The Interagency Rewards Committee acts as an advisory board and carefully considers all nominations for reward payments. The Committee, in turn, makes recommendations to the Secretary of State regarding the suitability of reward payments. All rewards are made ultimately at the discretion of the Secretary. The Attorney General also must concur with the decision to pay a reward in any case where the Department of Justice has jurisdiction. Because of the program’s sensitive nature, RFJ protects the identity of anyone providing information and receiving reward payments. The Secretary of State also has the authority to take appropriate measures to ensure the protection of informants and the informant’s family. Congress is notified within 30 days of the disbursement of payment.

Success Stories

The RFJ program is credited with successes that have demonstrated global results. Sources have provided information that has prevented or favorably resolved acts of international terrorism against U.S. interests and brought to justice some of the world’s most notorious terrorists. These efforts have saved countless innocent lives. Although the RFJ program’s efforts are often classified for the safety of its participants, RFJ can share some of its landmark cases today.

RFJ paid a $2 million reward to a source who provided information to Diplomatic Security special agents in Pakistan for the location of Ramzi Yousef, mastermind of the 1993 World Trade Center bombing. In 1995, Pakistani authorities, assisted by Diplomatic Security Agents, arrested Yousef in Pakistan and extradited him to the United States. He is currently in prison in Colorado. In 2003, RFJ paid multiple sources a combined reward of $900,000 for information that led to the location of FARC commander Edgar Navarro in Colombia, who then died in a shootout with the Colombian Army.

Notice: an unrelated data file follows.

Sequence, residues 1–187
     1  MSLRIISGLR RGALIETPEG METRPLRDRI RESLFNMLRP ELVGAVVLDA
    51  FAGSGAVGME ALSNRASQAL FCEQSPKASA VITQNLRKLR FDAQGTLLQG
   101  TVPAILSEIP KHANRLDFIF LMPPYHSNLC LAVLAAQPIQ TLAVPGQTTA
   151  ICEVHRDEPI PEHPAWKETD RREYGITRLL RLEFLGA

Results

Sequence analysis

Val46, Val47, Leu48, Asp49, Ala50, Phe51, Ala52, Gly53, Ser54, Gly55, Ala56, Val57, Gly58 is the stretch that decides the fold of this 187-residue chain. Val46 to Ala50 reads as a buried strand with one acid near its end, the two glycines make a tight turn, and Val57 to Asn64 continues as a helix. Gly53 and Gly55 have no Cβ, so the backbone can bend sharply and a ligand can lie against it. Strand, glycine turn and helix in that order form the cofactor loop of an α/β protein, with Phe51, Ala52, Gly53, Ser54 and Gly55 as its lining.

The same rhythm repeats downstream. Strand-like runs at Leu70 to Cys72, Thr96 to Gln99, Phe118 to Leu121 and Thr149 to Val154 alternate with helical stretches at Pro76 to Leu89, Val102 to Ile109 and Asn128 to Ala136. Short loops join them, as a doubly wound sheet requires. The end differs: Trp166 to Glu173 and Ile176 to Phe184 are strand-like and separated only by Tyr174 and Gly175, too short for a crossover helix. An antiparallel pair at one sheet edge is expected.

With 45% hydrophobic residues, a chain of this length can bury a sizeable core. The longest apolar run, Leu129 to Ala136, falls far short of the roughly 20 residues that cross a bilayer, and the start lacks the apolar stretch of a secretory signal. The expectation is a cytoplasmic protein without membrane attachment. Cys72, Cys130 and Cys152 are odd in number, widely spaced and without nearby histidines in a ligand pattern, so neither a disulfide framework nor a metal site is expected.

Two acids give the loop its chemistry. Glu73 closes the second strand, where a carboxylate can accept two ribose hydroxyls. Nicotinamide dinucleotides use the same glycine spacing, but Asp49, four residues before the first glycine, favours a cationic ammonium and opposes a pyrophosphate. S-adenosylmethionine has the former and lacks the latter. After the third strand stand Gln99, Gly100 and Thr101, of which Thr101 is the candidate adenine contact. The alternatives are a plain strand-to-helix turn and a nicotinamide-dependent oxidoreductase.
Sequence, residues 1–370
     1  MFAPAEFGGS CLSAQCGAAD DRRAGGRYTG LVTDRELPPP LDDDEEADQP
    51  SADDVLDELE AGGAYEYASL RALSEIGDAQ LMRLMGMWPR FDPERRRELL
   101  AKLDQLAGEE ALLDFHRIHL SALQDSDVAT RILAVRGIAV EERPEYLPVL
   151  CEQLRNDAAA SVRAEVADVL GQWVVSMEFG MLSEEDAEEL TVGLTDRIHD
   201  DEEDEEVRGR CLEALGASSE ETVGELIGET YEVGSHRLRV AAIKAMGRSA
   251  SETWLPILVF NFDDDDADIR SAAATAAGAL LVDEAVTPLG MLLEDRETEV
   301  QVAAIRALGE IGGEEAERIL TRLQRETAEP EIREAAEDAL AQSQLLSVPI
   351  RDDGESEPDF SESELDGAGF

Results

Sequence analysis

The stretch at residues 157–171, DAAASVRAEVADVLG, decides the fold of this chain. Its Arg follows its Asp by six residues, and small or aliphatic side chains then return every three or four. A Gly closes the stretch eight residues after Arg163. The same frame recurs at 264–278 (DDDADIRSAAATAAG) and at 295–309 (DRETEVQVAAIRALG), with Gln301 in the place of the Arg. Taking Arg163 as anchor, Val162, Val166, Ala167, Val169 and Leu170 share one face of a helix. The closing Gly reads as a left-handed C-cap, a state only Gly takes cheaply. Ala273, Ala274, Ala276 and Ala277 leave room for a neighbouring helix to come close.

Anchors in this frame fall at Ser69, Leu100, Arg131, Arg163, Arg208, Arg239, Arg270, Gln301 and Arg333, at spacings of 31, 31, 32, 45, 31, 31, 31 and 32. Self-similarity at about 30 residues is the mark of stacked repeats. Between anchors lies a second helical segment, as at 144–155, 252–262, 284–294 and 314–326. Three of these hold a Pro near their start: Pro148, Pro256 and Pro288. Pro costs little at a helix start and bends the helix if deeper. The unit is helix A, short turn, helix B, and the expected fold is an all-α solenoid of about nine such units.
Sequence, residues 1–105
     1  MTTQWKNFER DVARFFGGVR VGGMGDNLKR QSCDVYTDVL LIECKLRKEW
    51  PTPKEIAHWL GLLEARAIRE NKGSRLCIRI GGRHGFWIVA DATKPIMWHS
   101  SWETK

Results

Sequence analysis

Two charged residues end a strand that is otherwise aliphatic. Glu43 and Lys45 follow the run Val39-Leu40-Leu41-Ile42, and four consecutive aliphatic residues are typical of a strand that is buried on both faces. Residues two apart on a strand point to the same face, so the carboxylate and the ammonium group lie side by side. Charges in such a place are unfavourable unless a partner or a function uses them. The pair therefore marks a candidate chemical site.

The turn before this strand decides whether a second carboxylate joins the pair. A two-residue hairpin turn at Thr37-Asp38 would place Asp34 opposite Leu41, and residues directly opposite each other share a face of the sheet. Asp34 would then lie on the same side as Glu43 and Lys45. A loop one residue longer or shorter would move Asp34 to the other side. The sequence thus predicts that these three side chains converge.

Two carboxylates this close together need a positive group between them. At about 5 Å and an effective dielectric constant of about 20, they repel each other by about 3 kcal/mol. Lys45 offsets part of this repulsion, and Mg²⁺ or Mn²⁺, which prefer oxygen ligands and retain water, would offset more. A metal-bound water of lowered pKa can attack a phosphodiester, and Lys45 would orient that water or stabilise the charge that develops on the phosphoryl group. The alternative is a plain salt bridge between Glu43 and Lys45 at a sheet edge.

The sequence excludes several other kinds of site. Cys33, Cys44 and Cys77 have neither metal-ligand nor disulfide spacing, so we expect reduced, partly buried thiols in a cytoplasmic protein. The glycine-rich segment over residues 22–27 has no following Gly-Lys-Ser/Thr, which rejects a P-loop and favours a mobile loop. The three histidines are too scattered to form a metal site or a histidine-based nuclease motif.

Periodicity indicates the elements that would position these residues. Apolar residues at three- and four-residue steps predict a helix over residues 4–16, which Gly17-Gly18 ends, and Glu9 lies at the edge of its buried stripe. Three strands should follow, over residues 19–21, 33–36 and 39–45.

RFJ also paid a $30 million reward to one person for information on the location of Uday and Qusay Hussein, the sons of former Iraqi dictator Saddam Hussein. In that instance, an RFJ campaign was initiated on July 3, 2003, and on July 23, 2003, information provided by a source led to the location of Uday and Qusay Hussein.

With the assistance from the 101st Airborne Division, Task Force 20 conducted an operation to capture these individuals. A four hour firefight ensued, which resulted in the deaths of Uday and Qusay Hussein. In this instance, an RFJ campaign was initiated and in 18 days, the source came forward – the fastest result in RFJ history.

In 2007, the program paid a $10 million reward to courageous Filipino citizens who provided information on the locations of Abu Sayyaf Group leaders Khadaffy Janjalani and Abu Solaiman. These two notorious high-ranking leaders of the Abu Sayyaf Group were killed by the Armed Forces of the Philippines as a result of information provided by the Filipino sources.

Last year, RFJ generated four new reward offers. These offers were for the following individuals: Harakat-ul-Jihad al-Islami leader Ilyas Kashmiri; North Caucasus-based Caucasus Emirate senior leader and military commander Doku Umarov; al-Qaida-in-Iraq leader Abu Du’a; and Yasin al-Suri, a senior al-Qaida facilitator and financier based in Iran. RFJ’s $10 million reward offer for al-Suri was the first made for a terrorist financier.

RFJ is in the vanguard of the U.S. Government’s counterterrorism efforts and continues to seek new and dynamic approaches to accomplish its mission. Highly focused advertising campaigns, as well as social media engagement, are hallmarks of this effort. RFJ also stands as a model for increased interagency cooperation, collaboration, and partnership in the post-9/11 era.

Conclusion

The Rewards for Justice program is and will remain a valuable asset to the U.S. government in its fight against international terrorism. RFJ’s mission to prevent terrorist acts, disrupt terrorist financing, and bring terrorists to justice remains paramount. RFJ is engaging new media, new partners, and developing new practices in its effort to meet the challenging security situation we face in this ever-changing world. RFJ will continue to work tirelessly to bring terrorists to justice. Mr. Chairman, thank you for the opportunity to appear before you.